DeQuervains's disease

What is De Quervain's disease?

This is a condition which causes pain at the thumb side of the wrist. It is also known as De Quervain's stenosing tenovaginitis and it was first described by a Swiss surgeon in 1895.

Anatomy:

There are many tendons that pass over the back of the wrist joint. These tendons extend the thumb, finger and wrist and they run in separate compartments (tunnels). The compartments are formed by the radius bone and a fibrous sheet of tissue (the extensor retinaculum). These tunnels are lined with synovium which lubricates the tendons enabling them to run smoothly. The first extensor compartment is located over the base of the thumb and it is involved in De Quervain's disease. Two tendons (abductor pollicis longus and extensor pollicis brevis) run through this tunnel.



Figure 1: position of the first extensor compartment

Causes:

Despite some people referring to the condition as 'tenosynovitis' it is not believed to be an inflammatory condition but due to degenerative changes in the tendon and surrounding tendon sheath. It is therefore more correctly called stenosing tenovaginitis or De Quervain's disease. The end result is thickening and narrowing of the tendon sheath which causes the tendons to catch as they move.

De Quervain's disease is more common in people between 30-50 years old and women are affected more commonly than men. In most cases there is no history of trauma.

Symptoms and signs:

Pain and tenderness over the thumb side of the wrist are typical. This usually develops gradually although in some people it can occur quickly. The pain is typically worse with thumb movements and with activities requiring thumb pinch grip, such as wringing out a cloth or opening jars.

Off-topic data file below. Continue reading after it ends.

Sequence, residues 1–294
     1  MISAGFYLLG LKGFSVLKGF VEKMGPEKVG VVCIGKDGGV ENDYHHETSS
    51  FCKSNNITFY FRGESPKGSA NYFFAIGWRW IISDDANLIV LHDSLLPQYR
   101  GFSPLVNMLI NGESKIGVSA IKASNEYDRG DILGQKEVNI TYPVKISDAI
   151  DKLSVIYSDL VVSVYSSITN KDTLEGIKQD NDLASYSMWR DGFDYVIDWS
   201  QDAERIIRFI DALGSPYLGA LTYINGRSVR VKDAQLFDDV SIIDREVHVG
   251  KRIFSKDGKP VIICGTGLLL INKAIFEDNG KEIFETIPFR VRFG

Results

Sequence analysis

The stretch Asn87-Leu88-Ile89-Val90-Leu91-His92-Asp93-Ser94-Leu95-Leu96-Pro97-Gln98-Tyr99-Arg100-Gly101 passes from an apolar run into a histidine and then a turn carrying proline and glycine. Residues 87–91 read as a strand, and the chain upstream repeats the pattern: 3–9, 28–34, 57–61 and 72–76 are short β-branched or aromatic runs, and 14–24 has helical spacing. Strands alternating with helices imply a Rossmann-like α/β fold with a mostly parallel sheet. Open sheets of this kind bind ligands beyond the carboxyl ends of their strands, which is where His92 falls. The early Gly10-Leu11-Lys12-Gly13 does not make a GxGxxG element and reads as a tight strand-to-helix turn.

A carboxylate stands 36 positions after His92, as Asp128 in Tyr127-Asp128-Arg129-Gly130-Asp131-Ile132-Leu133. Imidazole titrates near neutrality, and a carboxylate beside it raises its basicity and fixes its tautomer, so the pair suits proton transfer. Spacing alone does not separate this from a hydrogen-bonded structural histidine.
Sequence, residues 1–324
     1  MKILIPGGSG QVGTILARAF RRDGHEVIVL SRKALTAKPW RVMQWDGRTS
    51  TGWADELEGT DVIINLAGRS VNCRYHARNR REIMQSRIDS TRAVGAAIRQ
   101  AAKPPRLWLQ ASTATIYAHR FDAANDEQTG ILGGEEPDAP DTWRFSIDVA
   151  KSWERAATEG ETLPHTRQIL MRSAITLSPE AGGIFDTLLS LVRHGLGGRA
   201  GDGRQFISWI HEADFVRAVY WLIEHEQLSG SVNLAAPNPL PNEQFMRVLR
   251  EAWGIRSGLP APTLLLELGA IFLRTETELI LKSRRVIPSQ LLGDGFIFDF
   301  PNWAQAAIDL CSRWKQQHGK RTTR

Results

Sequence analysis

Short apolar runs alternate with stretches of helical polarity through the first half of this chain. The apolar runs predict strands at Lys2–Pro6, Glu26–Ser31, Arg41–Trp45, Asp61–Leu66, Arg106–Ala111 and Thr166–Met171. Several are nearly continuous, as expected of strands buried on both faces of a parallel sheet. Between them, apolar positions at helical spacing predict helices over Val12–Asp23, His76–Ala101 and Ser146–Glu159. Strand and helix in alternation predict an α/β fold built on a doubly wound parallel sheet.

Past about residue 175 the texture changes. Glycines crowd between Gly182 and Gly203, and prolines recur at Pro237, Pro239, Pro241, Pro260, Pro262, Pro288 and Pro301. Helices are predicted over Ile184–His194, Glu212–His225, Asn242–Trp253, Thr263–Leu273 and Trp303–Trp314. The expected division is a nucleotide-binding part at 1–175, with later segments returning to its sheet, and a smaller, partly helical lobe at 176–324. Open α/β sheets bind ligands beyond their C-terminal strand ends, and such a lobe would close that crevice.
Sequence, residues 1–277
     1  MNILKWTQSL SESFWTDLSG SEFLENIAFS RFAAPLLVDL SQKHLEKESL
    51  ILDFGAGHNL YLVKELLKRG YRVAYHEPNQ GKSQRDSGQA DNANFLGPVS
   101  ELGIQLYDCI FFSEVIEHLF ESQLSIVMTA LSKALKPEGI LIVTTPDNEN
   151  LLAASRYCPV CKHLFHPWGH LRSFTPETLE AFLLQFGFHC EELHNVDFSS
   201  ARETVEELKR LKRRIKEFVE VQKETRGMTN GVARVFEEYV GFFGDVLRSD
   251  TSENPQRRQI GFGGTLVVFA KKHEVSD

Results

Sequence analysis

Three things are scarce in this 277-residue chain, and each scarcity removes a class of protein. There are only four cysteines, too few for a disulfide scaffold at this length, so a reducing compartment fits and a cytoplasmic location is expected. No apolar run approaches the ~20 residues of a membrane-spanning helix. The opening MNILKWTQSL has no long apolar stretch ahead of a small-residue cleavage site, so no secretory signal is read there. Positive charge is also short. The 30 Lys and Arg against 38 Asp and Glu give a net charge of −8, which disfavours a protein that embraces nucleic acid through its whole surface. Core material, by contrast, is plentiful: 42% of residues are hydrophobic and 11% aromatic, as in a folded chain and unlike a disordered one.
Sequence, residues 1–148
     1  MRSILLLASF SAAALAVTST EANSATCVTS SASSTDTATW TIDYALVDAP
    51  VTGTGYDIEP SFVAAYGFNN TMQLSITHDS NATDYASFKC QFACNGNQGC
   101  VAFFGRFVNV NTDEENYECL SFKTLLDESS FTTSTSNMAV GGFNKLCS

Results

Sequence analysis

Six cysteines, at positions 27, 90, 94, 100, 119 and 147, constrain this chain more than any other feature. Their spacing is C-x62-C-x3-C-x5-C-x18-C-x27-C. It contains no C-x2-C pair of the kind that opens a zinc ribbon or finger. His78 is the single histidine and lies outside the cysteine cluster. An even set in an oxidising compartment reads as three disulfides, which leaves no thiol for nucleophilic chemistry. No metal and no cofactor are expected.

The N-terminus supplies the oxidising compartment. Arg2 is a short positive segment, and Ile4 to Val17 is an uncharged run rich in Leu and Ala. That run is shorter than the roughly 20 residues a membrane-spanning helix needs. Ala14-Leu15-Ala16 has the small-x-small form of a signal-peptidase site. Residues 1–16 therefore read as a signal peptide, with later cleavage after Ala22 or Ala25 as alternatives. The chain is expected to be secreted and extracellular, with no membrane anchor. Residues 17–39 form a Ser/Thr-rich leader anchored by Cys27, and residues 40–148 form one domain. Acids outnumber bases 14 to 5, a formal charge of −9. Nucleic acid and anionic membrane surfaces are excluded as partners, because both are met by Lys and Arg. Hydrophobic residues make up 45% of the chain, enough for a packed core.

Figure 2: Finkelstein's test. Development of severe pain if the thumb is clasped into the palm of the hand which is then moved towards the little finger

Treatment:

Non-surgical

Many people respond well to non-surgical treatment using the following;

  • analgesia medication (especially anti-inflammatory medication, if tolerated)
  • use of a splint to rest the wrist and thumb
  • physiotherapy
  • steroid injection into the first extensor compartment

Surgical

Those patients whose symptoms remain troublesome after non-surgical treatment can consider surgery. The surgery releases the roof of the first extensor compartment to free the tendons. This surgery is performed as a day case procedure using local anaesthesia. Postoperatively many surgeons leave a bulky bandage in place for up to two weeks before it is removed and mobilisation is permitted. In most cases surgery resolves the pain and discomfort.
Surgical complications are uncommon but include

  • wound infection (approximately 1%)
  • temporary scar tenderness
  • numbness or sensitivity over the scar and back of the thumb